The organic radical bearing the metallic sulfonate salt as a substituent may be incorporated in the fiberand/or film-forming polyester as a component of a distinct preformed polyester, as for instance by melt blending a minor proportion of a preformed polyester rich in such metallic sulfonate salt substituents with a fiber-forming polyester. Such a technique is illustrated in Examples 14 and 15 below.

Example 1 4 A preformed polyester rich in metallic sulfonate salt substituted and suitable for blending with a fiberforming polyester is prepared by mixing 1.6 parts of potassium 3,5-di(carbomethoxy)-benzenesulfonate with 0.7 part of ethylene glycol, 0.0013 part of calcium acetate, and 0.0003 part of antimony trioxide. The mixture is heated for minutes, during which time the temperature rises from 165 C. to 220 C. with evolution of methanol. The pressure is then reduced to 1 mm. of mercury and the temperature is increased to 275 C. The mixture is maintained at this temperature and pressure for four hours, during which time a low molecular weight polymer, solid at 275 C. is formed.

A fiber-forming polymer is then prepared by mixing 49 parts of dimethyl terephthalate with 34 parts of ethylene glycol, 0.066 part of calcium acetate, and 0.015 part of antimony trioxide. This mixture is heated for three hours with evolution of methanol, the temperature rising from 165 C. to 220 C. The pressure is then reduced to 1 mm. of mercury, and the temperature is increased to 275 C. After four hours a relatively viscous liquid is formed. The prepolymer prepared as described above and in pulverized form is then aded to the fiberforming molten polymer. The combined reaction mixture is heated at 275 C. for an additional 30 minutes at 1 mm. of mercury. The resulting copolymer has an intrinsic viscosity of 0.59. A thin film of this polymer is cast and treated for two hours at C. with an aqueous solution of 3% (based on the weight of the film) of Methylene Blue SP dye. The film is dyed a medium shade of blue, which exhibits good wash-fastness properties.

Example 15 2.3 parts of sodium 3,5-di(carbomethoxy)benzene-sulfonate and 3.6 parts of sodium m-carbomethoxybenzenesulfonate are added to 45.5 parts of dimethyl terephthalate, 34.5 parts of ethylene glycol, 0.023 part of manganous acetate-2.5 hydrate, and 0.015 part of antimony trioxide, the ratios of the two sulfonate salts to dimethyl terephthalate being about 3.3 and 6.5 mol percent, respectively. The mixture is heated for three hours, during which time the temperature rises from C. to 220 C. with evolution of methanol. The pressure is then reduced to 1 mm. of mercury, and the temperature is increased to 275 C. After six hours a polymer is obtained having in intrinsic viscosity of 0.38. 50 parts of this polymer are blended intimately with 100 parts of polyethylene terephthaiate of intrinsic viscosity of 0.65. Yarn spun from this blended polymer and drawn about 3.5 times its extruded length has a tenacity of 3.4 g.p.d. and an elongation of 22%. A skein of this yarn is treated for one hour at 100 C. with an aqueous solution of 1% (based on fiber weight) of the basic dye having the structure shown in Example 2. The yarn is dyed a medium shade of blue.

In general, ester-forming additives containing sulfonate salt groups are readily prepared by standard chemical 9. preparative techniques. Compounds having more than two ester-forming functions may be used where a crosslinked polymer is desired. The presence of functional groups other than the ester-forming groups and the sulfonate salt groups are usually avoided. In general, it is preferred to use sulfonate salts of alkali and alkaline earth metals. However, the sulfonate salt of other metallic elements may be used, as illustrated in the examples. In cases in which the sulfonate salt is highly insoluble, fine dispersion of the additive may be required during the early stages of the polymerization reaction. Metals which normally exhibit color in their salts may, if used to form the sulfonate salts of this invention, contribute a pale color to the polymer.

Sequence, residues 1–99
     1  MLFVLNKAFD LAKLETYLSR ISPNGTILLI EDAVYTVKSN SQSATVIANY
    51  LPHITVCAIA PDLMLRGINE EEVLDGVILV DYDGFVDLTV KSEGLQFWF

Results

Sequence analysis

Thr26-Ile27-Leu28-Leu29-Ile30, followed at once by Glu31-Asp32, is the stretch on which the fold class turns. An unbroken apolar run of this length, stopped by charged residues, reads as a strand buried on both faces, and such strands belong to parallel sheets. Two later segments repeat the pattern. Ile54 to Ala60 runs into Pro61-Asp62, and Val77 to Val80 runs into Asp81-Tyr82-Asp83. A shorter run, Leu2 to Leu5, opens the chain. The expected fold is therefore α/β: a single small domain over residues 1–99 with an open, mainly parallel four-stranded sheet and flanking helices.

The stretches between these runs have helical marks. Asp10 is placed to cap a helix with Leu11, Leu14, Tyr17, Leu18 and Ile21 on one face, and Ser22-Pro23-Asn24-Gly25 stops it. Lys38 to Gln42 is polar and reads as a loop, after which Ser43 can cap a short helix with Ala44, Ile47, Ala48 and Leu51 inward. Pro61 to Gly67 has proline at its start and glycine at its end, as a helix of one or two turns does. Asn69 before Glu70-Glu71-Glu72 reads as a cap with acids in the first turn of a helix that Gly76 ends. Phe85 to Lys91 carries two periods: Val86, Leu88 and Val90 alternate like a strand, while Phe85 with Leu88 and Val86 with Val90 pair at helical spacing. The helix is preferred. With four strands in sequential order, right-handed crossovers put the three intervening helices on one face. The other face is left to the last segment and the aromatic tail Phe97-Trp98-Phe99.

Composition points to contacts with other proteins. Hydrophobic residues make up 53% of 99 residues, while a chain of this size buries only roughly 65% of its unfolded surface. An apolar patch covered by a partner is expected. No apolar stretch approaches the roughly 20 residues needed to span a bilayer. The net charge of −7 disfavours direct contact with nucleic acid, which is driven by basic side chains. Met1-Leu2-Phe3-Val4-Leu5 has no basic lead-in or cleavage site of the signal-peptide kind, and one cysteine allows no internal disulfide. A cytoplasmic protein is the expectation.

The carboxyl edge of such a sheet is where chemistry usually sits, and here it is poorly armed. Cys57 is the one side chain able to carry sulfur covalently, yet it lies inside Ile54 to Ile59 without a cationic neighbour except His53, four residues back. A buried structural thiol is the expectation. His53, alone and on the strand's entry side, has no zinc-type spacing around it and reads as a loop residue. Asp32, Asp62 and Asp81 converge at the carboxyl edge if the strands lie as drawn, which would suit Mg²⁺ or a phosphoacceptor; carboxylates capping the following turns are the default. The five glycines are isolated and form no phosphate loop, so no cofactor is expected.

It will usually be desirable to use at least about 0.5 mol percent of the sulfonate salt, based on the terephthalate content of the polymer; polymer having a sulfonate salt content of appreciably lower than 0.5% will usually have only a relatively low atfinity for basic dyes. Polymers containing about 10 mol percent of the sulfonate salt additive have a very high afiinity for basic dyes. Higher concentrations will not lead to appreciable increases in basic dye-ability, and in the case of certain of the sulfonate salts may unduly affect tenacity. Sulfonate salt concentrations in the range of 2 to 5 mol percent are regarded as optimum and are preferred. It will be realized that the mono-functional ester-forming derivatives act as chain terminators in the condensation reaction and will tend to lower the molecular weight of the polymer when they are used in high concentration. Di-functional ester-forming derivatives will usually be selected when polymers of especially high molecular weight are desired. Since the sulfonate salt modifiers are roughly equivalent to each other on a molar basis, mixtures of two or more may be used with an eflect approximately proportional to the total molar quantity used.

Various other materials may be present in the reaction mixture. For example, such ester exchange catalysts as salts of calcium, manganese, or lanthanum and such polymerization catalysts as antimony oxide will usually be present. Color inhibitors, such as alkyl or aryl phosphate esters, may be used. In addition, pigments, delus- =terants, or other additives may be present, such as tita- 'nium dioxide or barium carbonate.

' If desired, in producing polymeric polymethylene terephthalates modified with sulfonate salt derivatives, other glycols (such as l,4-bis[hydroxyethoxy]benzene) or other esters (such as isophthalates, succinates, adipates and p,p'-bibenzoates) may be added to the reaction mixture in amounts up to about mol percent and more to produce complex copolyesters. Quantities of up to about 10 weight percent of other polymeric materials, especially those containing ester or hydroxyl end groups, may be melt blended with copolymers of the present invention. A typical copolymer is exemplified in Example 16.